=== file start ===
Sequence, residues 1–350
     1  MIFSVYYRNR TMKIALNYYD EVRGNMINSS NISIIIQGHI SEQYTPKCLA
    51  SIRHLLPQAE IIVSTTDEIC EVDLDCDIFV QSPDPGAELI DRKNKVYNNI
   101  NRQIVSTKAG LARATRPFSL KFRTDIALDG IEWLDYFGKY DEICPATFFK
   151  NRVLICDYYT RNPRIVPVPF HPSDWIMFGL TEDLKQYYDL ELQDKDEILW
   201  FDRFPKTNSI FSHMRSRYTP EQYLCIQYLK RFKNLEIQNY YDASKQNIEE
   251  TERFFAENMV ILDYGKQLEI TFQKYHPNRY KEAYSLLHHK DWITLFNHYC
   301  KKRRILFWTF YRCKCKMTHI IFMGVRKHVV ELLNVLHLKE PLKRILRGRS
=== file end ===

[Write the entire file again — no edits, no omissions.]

Sequence, residues 1–350
     1  MIFSVYYRNR TMKIALNYYD EVRGNMINSS NISIIIQGHI SEQYTPKCLA
    51  SIRHLLPQAE IIVSTTDEIC EVDLDCDIFV QSPDPGAELI DRKNKVYNNI
   101  NRQIVSTKAG LARATRPFSL KFRTDIALDG IEWLDYFGKY DEICPATFFK
   151  NRVLICDYYT RNPRIVPVPF HPSDWIMFGL TEDLKQYYDL ELQDKDEILW
   201  FDRFPKTNSI FSHMRSRYTP EQYLCIQYLK RFKNLEIQNY YDASKQNIEE
   251  TERFFAENMV ILDYGKQLEI TFQKYHPNRY KEAYSLLHHK DWITLFNHYC
   301  KKRRILFWTF YRCKCKMTHI IFMGVRKHVV ELLNVLHLKE PLKRILRGRS